One Girl-Fifty Boys

One girl to fifty boys was the ratio of boys to girls at the school I decided to pursue my sixth form education. At the beginning of summer 2015, my family and I made the decision to apply to a predominantly male school in Western Jamaica to get a place in its sixth form program. Please note that I was just graduating from the best all-female high school  in Western Jamaica and so I was in no way prepared for the experience I was about to have.

I got accepted of course and began school in September.

September rolled in and school began and so did two years that would be filled with laughter, tears, unforgettable memories and lasting friendships. There were twelve (12) girls and fifty-one (51) boys in my Grade.12 class and 12 girls in Grade 13 with approximately the same amount of boys.

24 girls to 1200 boys, 1 girl to 50 boys.

On our way to general devotion morning, we were surely overwhelmed at the number of boys we passed.

The boys we passed that morning were very polite.
“Good morning Miss.”, they said before they politely went on their way.
“Oh they are so polite”, we had thought foolishly that Monday morning, we really did not know what was about to come.

Devotion was conducted, we were warmly welcomed and then we were dismissed for classes. Students were grouped according to classes. The first subjects that Monday morning were Accounting and Chemistry. The other ladies headed in the direction of the Chemistry Lab and my friend and I went to the class where Accounting was to be taught. I walked in first with my pseudo-confidence and a very haughty look on my face -trust me I know how I look when I try to act tough. My friend followed behind and a few guys sitting in the back burst out laughing when she stepped in. Later on my friend told me that at that moment she felt like crying but she kept a straight face and took a seat. She thought that they had been laughing at her but when she confronted them later on asking why they had been laughing, their response was that she had walked in at the wrong time aka, they had not been laughing at her. *rolls eyes* Oh Please!!!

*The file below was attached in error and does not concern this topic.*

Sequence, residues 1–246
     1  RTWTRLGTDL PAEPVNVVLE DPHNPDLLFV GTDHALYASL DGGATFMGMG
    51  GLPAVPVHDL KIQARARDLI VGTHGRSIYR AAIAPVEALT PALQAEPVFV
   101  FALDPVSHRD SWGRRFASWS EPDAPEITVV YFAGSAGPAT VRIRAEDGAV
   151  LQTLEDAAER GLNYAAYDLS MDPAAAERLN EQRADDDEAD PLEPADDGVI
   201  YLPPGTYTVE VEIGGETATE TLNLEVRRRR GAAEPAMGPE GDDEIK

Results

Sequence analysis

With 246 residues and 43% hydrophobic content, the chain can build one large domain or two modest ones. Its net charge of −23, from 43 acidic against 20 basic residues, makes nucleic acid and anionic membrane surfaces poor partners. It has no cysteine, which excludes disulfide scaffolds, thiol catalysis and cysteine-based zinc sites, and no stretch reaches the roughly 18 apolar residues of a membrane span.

Classes came and went and soon it was time for lunch. You thought the morning was overwhelming, let me tell you, at lunch I almost had a panic attack. Before us girls walked into the canteen I can remember us standing in a huddle staring at each other with a ‘What the heck have we gotten ourselves into!’ expression on our faces.  The canteen was filled with guys taller and wider than us all shoving to place their orders. It was literally like walking foolishly into the lion’s den. I am small, barely five feet with little body mass so just imagine how mi look when mi see some big, burly guys with beards and some very deep voices that rumbled when they spoke. I remember trying to take a breath in order to calm my racing heart. But thanks be to God, my prince rode in on his white steed.

“Shorty,” (internally rolled eyes) but I turned to smile at him, “would you like me to buy your lunch?”

I could have jumped for joy at that moment but I demurely said yes, we hurriedly gave him all our monies and stressed him with all our orders. This routine went on for the rest of the week, with the few girls sticking together and the boys whispering behind their hands each time we passed.

Hmmm, what do you think they were talking about?

The second week came things pretty much changed, some for the better, some for the worse. We became familiar with the boys with whom we shared classes with and so each class session was filled with laughter and learning. Coming from a school where the lines between teacher and student were clearly set and the classroom atmosphere was a bit somber, I was shocked by the relaxed relationship that existed between teacher and student. My mouth hit the ground the first time I heard one of the boys address a teacher by her first name, (not in her hearing of course) and then I shared a look with the girls who were around me. You know that look that says “did you hear what I think I just heard from that young man a while ago?” Eventually, we got use to it and  the class sessions went by much faster as we were having so much fun.

How did things change for the worse?